We go out to look at the stars, not to listen to them. To look on what appears mostly unchanged and unchanging, aside from planets and a few other objects. Often enough to enjoy a bit of silence, if fortunate.
At least I do. But now I’ve learned that our universe is littered with objects of every unimaginable size that are exploding, shrinking, smashing into one another, venting and contorting all the time. “Time” is one of those interesting concepts, of course, but there are so many objects “out there” that if our hearing was better we’d hear some noise.
But space is a vacuum with few particles to conduct sound waves. There can be silent nights so far as space permits.
Plus, of course, some of the objects are pretty darn distant.
Therefore, instead of commenting on the recent activities of T. Cruz or computer debacles, my preference is to look at the night sky and wonder. Wonder how many other life forms there can be — out there. Wonder why there’s no sound in space: All that dark energy out there must be made of really small, er, particles, I guess. Nothing big enough to transmit sound, despite its supposed prevalence.
The universe is expanding. Not only expanding, it’s (still?) speeding up. One of our spacecraft has escaped the envelope of our solar system. Now what? Three of our other spacecraft are beginning a joint effort to look deeper into the universe than ever before. NASA is going to juggle its three incredible space telescopes — Hubble, Spitzer and Chandra — and for the next three years, focusing them on massive galaxies. These particular clusters are among the most massive assemblages of matter known, so large and massive that their gravitational fields can be used, gee whiz, to brighten and magnify more distant galaxies so they can be observed. In effect, nature’s natural telescopes.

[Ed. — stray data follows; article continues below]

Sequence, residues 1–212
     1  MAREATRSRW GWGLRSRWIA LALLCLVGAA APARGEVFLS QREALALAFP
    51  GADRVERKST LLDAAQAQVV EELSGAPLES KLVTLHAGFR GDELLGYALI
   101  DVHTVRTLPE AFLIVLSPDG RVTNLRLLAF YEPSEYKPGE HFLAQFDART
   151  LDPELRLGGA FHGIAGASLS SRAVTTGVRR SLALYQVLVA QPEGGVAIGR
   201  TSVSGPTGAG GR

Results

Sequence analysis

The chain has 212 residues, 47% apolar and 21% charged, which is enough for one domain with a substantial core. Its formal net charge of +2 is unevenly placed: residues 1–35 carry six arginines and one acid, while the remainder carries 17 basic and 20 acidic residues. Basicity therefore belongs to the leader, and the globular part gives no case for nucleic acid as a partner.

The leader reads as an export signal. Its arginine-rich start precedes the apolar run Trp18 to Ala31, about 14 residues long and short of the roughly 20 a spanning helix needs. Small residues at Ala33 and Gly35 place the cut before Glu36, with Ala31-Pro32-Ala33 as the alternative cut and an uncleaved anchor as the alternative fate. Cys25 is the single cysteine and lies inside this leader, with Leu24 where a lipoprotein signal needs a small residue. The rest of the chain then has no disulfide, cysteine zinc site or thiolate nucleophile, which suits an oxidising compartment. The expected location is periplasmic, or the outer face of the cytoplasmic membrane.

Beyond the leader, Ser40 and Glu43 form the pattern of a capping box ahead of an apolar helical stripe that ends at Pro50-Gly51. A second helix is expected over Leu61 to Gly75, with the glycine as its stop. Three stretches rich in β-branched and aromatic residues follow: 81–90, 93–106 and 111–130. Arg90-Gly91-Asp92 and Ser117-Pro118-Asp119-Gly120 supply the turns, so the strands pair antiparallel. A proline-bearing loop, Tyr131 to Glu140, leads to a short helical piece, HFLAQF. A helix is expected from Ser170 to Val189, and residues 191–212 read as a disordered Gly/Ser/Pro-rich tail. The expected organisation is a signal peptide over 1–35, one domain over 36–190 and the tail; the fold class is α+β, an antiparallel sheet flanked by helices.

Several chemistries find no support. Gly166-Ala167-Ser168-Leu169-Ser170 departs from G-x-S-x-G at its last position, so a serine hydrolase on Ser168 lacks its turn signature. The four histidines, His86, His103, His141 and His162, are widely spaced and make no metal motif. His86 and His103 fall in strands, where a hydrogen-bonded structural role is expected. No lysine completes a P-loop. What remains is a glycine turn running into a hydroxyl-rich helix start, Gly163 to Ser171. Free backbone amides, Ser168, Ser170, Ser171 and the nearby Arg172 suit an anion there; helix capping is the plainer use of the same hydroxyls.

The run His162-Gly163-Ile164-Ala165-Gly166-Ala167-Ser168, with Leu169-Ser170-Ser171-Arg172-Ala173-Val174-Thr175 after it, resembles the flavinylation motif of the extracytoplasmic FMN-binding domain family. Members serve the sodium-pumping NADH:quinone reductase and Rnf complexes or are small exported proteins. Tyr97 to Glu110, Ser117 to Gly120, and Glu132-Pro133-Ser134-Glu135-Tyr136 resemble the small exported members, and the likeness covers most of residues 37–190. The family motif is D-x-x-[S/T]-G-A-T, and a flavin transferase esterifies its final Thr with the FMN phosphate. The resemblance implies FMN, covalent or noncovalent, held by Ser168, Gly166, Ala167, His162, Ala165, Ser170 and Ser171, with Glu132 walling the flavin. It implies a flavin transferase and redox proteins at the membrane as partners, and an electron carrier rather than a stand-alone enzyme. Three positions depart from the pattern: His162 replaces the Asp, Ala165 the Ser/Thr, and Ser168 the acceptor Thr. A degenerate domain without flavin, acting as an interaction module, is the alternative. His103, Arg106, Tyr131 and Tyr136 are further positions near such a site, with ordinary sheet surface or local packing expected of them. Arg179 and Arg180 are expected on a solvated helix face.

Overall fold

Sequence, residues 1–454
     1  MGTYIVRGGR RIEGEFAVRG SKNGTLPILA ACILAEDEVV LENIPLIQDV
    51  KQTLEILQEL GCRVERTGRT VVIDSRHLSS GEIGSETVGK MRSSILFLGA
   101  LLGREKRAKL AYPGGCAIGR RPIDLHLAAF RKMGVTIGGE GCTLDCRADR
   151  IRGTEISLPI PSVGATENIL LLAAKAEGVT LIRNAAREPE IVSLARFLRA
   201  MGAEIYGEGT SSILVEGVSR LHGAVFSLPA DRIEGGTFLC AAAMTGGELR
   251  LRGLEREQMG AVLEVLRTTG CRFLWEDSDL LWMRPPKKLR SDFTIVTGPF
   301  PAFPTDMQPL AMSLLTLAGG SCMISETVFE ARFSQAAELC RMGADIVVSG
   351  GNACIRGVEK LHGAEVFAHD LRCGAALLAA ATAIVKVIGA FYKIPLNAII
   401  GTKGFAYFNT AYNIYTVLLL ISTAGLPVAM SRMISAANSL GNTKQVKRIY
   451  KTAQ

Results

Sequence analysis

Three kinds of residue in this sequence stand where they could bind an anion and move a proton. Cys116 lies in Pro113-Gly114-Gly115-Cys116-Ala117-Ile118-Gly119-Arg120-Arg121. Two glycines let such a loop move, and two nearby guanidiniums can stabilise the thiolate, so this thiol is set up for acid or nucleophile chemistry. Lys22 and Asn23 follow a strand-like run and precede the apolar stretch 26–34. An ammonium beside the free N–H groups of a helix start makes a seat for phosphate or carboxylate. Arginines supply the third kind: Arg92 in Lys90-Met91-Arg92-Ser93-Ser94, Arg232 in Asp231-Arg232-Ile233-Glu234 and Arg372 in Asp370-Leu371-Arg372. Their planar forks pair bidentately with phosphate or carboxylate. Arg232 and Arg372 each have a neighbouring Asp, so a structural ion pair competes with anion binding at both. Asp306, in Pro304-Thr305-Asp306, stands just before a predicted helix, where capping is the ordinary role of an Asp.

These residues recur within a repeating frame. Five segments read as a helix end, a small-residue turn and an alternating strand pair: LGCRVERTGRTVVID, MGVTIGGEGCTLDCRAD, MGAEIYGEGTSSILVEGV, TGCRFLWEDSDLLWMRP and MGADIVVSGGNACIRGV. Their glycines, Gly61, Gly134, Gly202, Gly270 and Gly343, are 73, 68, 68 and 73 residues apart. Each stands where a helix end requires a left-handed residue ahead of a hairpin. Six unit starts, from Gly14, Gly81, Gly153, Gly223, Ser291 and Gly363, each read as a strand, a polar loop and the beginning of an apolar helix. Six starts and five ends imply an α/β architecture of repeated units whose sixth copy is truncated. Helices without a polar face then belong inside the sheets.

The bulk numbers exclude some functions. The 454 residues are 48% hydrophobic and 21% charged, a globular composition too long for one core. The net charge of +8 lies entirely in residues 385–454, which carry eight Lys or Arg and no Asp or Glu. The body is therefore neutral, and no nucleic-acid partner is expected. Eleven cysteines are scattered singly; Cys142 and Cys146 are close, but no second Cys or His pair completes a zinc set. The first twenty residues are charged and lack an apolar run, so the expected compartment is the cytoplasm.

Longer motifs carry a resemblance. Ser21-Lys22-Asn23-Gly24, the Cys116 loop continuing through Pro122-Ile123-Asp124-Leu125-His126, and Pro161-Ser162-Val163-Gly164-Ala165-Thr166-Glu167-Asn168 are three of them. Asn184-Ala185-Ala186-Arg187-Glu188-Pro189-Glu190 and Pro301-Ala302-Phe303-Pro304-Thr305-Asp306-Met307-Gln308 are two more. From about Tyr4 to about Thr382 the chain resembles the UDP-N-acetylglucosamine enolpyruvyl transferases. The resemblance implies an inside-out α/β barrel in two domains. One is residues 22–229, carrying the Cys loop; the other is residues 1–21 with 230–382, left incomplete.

The Hubble Space Telescope will tell us which galaxies to look at. Spitzer will tell us how old each galaxy is and how many stars have formed. Data from the Hubble and Spitzer will be combined to measure galaxies’ masses and distances accurately. The Chandra X-ray Observatory will help determine their gravitational-lensing powers and detect supermassive black holes.
The three-year effort, called the Frontier Fields, should uncover galaxies that are as much as 100 times farther than what any one of these individual observatories can see.
What a concept: Working together to get something done. Peachy.
This could be the place for a treatise on light pollution, but it’s not the time. Man used to curse the darkness. Now he curses too much poorly directed urban lighting for blotting out his view of the stars. That’s man for you.
Field Notes: November could be known as Waterfowl Month in Jackson Hole. In an average November a wonderful sampling of ducks, swans and geese takes temporary respite along their southern migration.
On Sunday, Susan Patla noted a buildup of common mergansers, buffleheads, redheads, ring-necks on Flat Creek in the National Elk Refuge. No swans number there yet, but November usually brings both trumpeter and tundra swans for a spell. A dozen tundras on Puzzleface Ranch on Sunday (Susan Patla). A stop at Flat Creek bridge just north of Jackson can be rewarding almost any time.
It’s November when, in the space of a few hours, an observer (Frances Clark) can spot both a late meadowlark and a shrike. Or a lone redpoll traveling with goldfinches (Vance Carruth).
Great gray owls were seen in recent days by John Becker, John Drew, and Julie and Zach Hall. Reports of great grays will be welcomed by Bryan Bedrosian of Craighead Beringia South or Susan Patla of the Wyoming Game and Fish Department.
November, and elk, deer, moose and pronghorn all might be on the move any time of the day. Mostly at dawn or dusk. Drive safely.
A great horned owl began hunting the intersection of Route 22 and Spring Gulch Road at 6:45 p.m. Saturday (Mary Lohuis). Seems a dangerous location for an owl.
Come out Tuesday evening for the Nov. 12 meeting of the Jackson Hole Bird and Nature Club from 6 to 8 p.m. at Teton County Library. Everybody is welcome.
Taza Schaming of Cornell University will present an update on the status of Clark’s nutcrackers and whitebark pine in Teton County.
© Bert Raynes 2013